He said the boron and nitrogen atoms in the composite displayed greater regularity and formed larger grains, where a grain designates the size of a group of atoms aligned coherently in a lattice.

“We were surprised to find that the cubic boron nitride grains grow instead of diminish in this material from the small grains in the unmixed starting compounds,” said Zhu.

“Some theorists say that, at ambient conditions, cubic boron nitride is more stable,” Biswas said. “Experimentally, people have seen that hexagonal boron nitride is very stable. So if you ask someone which boron nitride phase is the most stable, they’ll likely say hexagonal boron nitride. What we’re seeing experimentally is the opposite of what people are saying theory-wise, and it’s still up for debate.”

Rice reports that when the composite is subjected to a rapid, high-temperature technique known as spark plasma sintering, it transformed into hexagonal boron nitride. Biswas said this confirmed theoretical predictions and helped paint a fuller picture of “which varieties of boron nitrides appear at what conditions.”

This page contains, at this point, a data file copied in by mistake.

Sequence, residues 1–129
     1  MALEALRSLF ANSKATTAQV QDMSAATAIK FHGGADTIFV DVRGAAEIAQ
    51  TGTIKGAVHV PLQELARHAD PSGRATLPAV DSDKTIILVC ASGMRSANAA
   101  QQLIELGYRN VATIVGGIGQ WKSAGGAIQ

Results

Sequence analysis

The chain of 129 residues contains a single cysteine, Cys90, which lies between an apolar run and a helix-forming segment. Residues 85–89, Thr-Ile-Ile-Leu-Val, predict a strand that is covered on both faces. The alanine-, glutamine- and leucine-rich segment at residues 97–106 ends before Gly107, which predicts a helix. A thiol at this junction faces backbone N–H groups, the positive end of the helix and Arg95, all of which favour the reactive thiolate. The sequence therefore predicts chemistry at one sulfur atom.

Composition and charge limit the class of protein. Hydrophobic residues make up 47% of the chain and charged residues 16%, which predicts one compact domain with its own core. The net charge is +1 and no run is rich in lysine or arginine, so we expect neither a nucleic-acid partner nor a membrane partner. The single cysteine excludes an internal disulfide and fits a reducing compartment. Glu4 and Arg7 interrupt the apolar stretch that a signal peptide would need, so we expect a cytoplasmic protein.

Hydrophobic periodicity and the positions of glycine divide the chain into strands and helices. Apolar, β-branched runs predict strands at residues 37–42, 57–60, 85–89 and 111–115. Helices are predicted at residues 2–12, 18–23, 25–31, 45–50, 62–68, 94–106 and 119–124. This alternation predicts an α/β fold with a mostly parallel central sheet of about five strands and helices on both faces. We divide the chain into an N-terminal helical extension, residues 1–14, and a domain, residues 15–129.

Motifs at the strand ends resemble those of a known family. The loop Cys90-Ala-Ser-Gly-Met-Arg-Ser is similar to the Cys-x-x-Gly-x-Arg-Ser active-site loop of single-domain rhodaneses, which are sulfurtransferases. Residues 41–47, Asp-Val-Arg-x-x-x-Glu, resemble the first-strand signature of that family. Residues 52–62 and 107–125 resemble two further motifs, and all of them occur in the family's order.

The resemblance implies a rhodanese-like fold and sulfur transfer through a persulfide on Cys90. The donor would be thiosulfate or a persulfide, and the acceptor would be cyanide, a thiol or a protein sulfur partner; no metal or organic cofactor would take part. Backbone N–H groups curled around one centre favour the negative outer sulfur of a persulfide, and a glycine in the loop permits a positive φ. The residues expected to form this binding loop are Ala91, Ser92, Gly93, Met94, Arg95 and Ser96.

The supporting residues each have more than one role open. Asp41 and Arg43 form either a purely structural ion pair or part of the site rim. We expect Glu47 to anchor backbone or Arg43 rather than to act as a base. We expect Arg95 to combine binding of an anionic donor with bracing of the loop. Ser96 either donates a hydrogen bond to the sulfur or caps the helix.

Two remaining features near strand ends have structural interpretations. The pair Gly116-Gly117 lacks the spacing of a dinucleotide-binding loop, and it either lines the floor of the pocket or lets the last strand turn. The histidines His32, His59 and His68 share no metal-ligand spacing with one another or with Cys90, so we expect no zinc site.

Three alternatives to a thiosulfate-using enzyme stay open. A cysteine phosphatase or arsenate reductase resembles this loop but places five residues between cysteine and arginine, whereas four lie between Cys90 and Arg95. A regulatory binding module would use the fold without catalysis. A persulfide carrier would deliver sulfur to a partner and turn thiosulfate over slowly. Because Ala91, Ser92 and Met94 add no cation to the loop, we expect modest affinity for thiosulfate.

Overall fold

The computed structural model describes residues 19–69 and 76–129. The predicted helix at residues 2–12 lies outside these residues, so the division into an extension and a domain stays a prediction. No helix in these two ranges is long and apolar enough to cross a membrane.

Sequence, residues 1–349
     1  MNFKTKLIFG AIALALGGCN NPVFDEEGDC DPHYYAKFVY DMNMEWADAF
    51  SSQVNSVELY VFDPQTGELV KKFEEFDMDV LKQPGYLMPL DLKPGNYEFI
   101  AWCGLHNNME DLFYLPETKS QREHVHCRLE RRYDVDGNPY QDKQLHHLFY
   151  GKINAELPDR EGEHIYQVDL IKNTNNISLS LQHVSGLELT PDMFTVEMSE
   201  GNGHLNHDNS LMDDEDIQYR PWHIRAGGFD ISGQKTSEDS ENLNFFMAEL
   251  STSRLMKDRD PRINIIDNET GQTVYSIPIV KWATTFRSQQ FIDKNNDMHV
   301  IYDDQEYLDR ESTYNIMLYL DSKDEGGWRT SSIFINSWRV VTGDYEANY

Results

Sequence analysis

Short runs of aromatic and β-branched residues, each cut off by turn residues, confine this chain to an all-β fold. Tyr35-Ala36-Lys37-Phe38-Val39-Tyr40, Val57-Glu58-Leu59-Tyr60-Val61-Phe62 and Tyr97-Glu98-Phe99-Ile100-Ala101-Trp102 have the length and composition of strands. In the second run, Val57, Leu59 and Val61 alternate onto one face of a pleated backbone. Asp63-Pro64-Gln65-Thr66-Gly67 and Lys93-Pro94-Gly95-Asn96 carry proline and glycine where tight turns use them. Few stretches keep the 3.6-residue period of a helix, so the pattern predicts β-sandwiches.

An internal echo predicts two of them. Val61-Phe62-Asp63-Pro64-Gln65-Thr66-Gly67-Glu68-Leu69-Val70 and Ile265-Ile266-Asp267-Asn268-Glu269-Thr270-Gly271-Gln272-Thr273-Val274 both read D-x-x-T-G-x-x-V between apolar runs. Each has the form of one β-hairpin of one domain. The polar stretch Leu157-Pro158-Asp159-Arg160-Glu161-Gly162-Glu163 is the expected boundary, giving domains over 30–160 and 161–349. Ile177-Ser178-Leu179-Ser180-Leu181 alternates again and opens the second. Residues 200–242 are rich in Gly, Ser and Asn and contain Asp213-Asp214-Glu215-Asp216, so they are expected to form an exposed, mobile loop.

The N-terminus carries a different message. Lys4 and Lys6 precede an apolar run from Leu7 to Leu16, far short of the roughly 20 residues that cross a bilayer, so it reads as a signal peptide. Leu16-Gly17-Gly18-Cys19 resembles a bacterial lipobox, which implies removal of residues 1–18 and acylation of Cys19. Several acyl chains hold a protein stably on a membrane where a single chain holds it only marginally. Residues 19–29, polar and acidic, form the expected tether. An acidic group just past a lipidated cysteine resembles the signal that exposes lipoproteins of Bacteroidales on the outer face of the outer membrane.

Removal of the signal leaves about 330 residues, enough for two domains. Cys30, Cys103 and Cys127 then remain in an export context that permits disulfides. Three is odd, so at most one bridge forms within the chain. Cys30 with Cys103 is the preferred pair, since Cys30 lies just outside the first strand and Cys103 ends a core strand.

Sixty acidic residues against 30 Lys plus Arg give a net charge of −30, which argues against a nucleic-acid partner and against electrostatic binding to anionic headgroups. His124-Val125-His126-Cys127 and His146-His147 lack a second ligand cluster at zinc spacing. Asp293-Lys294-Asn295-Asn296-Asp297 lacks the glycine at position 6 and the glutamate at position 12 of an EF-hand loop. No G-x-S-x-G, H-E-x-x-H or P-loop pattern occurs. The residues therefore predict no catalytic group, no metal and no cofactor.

Additionally, the hexagonal boron nitride produced after this method was of higher quality than the one initially used for the mixture.

“What we’ll be looking at next is whether the spark plasma sintering technique improves the quality of hexagonal boron nitride all on its own, or whether you need the composite to get that effect,” Biswas said.

“What is fascinating about this study is that it opens up possibilities to tailor boron nitride materials with the right amounts of hexagonal and cubic structures, thus enabling a broad range of tailored mechanical, thermal, electrical and optical properties in this material,” said Pulickel Ajayan, a corresponding author on the study and chair of Rice’s Department of Materials Science and Nanoengineering. 

Zhiting Tian, Eugene A. Leinroth Sesquicentennial Faculty Fellow and an associate professor in Cornell University’s Sibley School of Mechanical and Aerospace Engineering, is also a corresponding author.

The research was supported by the Army Research Office, the National Science Foundation, the Office of Naval Research and the Department of Energy.